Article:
With a combined GDP of $22.4 trillion and a total population of 3.5 billion between all 16 RCEP Participating Countries (RCP), RCEP is set to be the largest economic bloc in the world with a vast potential to be an economic powerhouse, both regionally and globally.
Director-General of International Trade Negotiations, Mr. Iman Pambagyo joined FPCI Public Discussion to discuss RCEP negotiations. He provided invaluable insight on the progress that has been made and remaining challenges RCEP faces as it reaches its sixth and hopefully, last year of negotiations.
Mr. Pambagyo spoke optimistically about RCEP, describing 2018 as the most productive year of negotiations thus far. Out of RCEP’s 29 components, 7 chapters have been concluded, 2 are technically concluded, 3 are soon to be concluded, and 17 require further negotiations.
Negotiating the three pillars of RCEP (market access, rules and text, and cooperation) has required collaboration between a broad range of parties including the Trade Negotiating Committee (TNC), 9 working groups, 7 sub-working groups, the 16 RCP and various stakeholders from the business sector, civil society, and academia. Coordinating such a large-scale multilateral trade agreement inevitably raises complex issues. While 89 out 225 pairing between RPC gave the green light for negotiations on market access, Mr. Pambagyo reported that there were 25 red light pairings who were finding difficulty in reaching a middle ground.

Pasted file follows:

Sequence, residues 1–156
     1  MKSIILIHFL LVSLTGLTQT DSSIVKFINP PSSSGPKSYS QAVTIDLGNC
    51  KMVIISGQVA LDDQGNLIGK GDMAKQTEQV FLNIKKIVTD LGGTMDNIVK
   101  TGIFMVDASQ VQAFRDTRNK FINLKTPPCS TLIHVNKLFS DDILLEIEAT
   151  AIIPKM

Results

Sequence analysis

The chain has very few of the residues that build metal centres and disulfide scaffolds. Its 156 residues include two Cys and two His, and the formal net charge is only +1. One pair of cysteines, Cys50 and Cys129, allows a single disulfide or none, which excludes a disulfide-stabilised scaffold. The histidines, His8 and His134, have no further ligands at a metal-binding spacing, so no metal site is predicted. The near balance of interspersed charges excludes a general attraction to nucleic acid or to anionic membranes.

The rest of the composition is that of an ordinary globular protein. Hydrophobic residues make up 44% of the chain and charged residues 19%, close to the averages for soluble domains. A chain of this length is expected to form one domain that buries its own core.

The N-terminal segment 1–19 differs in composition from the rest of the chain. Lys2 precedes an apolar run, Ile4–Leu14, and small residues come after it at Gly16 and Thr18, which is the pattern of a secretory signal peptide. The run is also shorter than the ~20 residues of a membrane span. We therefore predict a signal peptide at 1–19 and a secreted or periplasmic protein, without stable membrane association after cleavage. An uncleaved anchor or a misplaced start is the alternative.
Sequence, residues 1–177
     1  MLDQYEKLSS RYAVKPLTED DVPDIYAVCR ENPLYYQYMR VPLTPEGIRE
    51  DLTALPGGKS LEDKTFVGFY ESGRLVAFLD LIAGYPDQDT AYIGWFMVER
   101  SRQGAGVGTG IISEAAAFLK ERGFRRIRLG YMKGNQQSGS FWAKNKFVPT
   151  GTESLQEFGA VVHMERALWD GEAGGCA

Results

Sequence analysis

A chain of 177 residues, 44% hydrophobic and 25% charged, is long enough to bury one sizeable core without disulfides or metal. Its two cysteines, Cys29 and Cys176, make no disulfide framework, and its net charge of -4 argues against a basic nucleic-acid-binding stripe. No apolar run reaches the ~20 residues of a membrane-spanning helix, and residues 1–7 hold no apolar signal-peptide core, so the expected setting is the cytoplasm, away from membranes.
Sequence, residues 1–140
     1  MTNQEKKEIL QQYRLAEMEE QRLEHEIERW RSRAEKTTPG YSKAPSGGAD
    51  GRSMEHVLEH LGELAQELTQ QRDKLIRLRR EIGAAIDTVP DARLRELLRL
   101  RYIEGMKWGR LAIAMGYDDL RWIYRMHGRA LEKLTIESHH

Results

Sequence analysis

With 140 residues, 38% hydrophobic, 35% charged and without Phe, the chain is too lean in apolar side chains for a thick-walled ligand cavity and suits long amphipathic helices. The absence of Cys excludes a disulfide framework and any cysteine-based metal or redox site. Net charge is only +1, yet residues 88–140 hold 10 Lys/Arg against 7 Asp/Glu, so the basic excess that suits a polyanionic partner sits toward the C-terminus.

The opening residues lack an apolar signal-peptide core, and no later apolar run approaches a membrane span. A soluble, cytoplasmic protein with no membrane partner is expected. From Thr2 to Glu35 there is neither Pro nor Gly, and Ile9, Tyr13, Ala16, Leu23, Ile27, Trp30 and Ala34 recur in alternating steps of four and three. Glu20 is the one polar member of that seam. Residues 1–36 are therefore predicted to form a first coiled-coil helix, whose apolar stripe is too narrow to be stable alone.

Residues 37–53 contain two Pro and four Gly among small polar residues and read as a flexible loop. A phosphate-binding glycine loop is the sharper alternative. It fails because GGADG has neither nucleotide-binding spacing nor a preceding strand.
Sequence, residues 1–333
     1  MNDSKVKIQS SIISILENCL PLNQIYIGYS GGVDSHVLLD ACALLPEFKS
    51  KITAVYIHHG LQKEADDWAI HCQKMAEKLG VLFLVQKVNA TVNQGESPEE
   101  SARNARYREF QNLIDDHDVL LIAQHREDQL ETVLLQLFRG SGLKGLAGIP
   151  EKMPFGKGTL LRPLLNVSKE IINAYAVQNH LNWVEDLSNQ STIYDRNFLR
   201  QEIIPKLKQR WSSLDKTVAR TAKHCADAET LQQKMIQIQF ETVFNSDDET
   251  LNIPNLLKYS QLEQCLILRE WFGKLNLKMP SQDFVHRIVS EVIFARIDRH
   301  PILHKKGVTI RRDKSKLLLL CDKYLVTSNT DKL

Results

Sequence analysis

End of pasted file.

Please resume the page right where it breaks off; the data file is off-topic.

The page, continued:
The main challenge that RCEP faces is mediating the unique dynamics that arise between different partners with overlapping FTA commitments and varying sensitivities to one another. While some ASEAN FTA partners have long-standing bilateral relations, others do not. This creates difficulties in reconciling different levels of tariff commitments within existing FTA while also ensuring that ambitions from other negotiations are not brought into RCEP.
Referring to the overlap between RCEP and CPTPP, Mr. Pambagyo stressed that stakeholders must focus on RCEP as its own separate agreement – it might be in the same zoo as CPTPP but they are ultimately different animals. This focus will be essential to overcoming further challenges such as reaching a collective ASEAN position, finding the correct balance in ‘trading-off’ on issues, maintaining momentum throughout upcoming national elections and addressing trust deficits at the negotiation table.
Nonetheless, Mr. Pambagyo remains positive and hopeful about RCEP’s prospects of being finalized by the end of 2019 as long as all parties remain realistic about what is both commercially meaningful and practically achievable in upcoming rounds of negotiation.
To learn more about Mr. Pambagyo’s view on the negotiations of RCEP, we provide a link to the Public Discussion Summary to be used for your perusal.